> scopes. Please note that the Starblast takes about 1/2 hour to
        cool
        > down before delivering good high power images (I took it from a
        heated
        > car to an outside temperature in the 20s F).
        >
        > Of course, the Starblast really shines for wide field views. With
        my
        > 22 Panoptic, the instrument yields a 3.2 degree true field
        (although
        > the 22 Pan is said to have a 68* AFOV, the 25 mm field stop limits
        the
        > AFOV to about 65*).
        >
        > Since this is a rich field scope, most would want to have one
        eyepiece
        > that gives the maximum true field that this scope is capable of.
        If
        > you want to accomplish this without an overly large exit pupil, you
        > need to use premium eyepieces such as the 22 Panoptic, 24 Panoptic,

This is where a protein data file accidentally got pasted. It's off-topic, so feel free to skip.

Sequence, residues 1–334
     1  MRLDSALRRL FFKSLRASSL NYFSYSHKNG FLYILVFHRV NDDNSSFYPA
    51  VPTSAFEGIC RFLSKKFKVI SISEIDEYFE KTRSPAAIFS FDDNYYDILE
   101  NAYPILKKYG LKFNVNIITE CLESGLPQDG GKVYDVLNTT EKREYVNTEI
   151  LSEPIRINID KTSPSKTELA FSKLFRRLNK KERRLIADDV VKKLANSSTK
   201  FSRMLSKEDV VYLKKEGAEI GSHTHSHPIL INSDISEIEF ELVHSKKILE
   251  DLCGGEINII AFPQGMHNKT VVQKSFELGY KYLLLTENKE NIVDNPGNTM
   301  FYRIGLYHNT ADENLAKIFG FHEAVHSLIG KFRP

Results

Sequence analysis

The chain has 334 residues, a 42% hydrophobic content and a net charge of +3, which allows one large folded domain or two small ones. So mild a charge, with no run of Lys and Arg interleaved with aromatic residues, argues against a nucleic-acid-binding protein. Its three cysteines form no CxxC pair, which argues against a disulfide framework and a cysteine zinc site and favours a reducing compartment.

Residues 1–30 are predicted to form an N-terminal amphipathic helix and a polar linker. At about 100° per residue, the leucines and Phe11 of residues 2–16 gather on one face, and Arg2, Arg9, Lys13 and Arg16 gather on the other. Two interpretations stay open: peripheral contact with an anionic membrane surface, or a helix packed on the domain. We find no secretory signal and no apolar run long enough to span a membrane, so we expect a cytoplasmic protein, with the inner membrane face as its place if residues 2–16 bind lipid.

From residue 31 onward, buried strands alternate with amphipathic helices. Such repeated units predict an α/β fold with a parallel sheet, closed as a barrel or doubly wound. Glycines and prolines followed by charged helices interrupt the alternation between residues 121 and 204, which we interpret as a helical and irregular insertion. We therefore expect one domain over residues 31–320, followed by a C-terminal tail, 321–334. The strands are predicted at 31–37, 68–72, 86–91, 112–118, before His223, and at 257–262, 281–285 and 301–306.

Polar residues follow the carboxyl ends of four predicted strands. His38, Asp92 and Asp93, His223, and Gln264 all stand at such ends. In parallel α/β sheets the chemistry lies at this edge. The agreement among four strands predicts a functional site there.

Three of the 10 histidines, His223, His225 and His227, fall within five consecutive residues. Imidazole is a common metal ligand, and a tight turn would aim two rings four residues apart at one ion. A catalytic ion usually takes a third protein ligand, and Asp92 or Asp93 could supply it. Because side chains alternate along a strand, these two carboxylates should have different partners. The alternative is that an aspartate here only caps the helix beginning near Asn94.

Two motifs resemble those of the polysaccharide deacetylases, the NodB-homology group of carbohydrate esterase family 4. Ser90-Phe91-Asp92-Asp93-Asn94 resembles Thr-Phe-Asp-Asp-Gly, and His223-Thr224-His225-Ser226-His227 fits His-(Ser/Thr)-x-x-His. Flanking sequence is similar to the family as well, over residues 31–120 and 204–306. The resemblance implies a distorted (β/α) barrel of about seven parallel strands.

> 24.5 Meade SWA, etc. Like any f/4 scope, wide field eyepieces
        must be
        > of the premium class if you are picky about edge of field
        aberrations.
        > This has been my only qualm about the Starblast as a first scope,
        > since the beginner probably doesn't want to pay more for an
        eyepiece
        > than the scope itself. However, for those of who already have such
        > eyepieces, the Starblast is a tremendous second scope.
        >
        > IMO, you should steer away from a "second scope" with a focal
        length
        > near the one you already have. This helps insure that the second
        > scope provides you with a different viewing experience.
        >
        > Best,
        > John O'Hara
        > NW Pennsylvania, USA
        >
        >
        >
        >
        >
        > --- In telescopes@yahoogroups.com, "ehitchcock_bvg"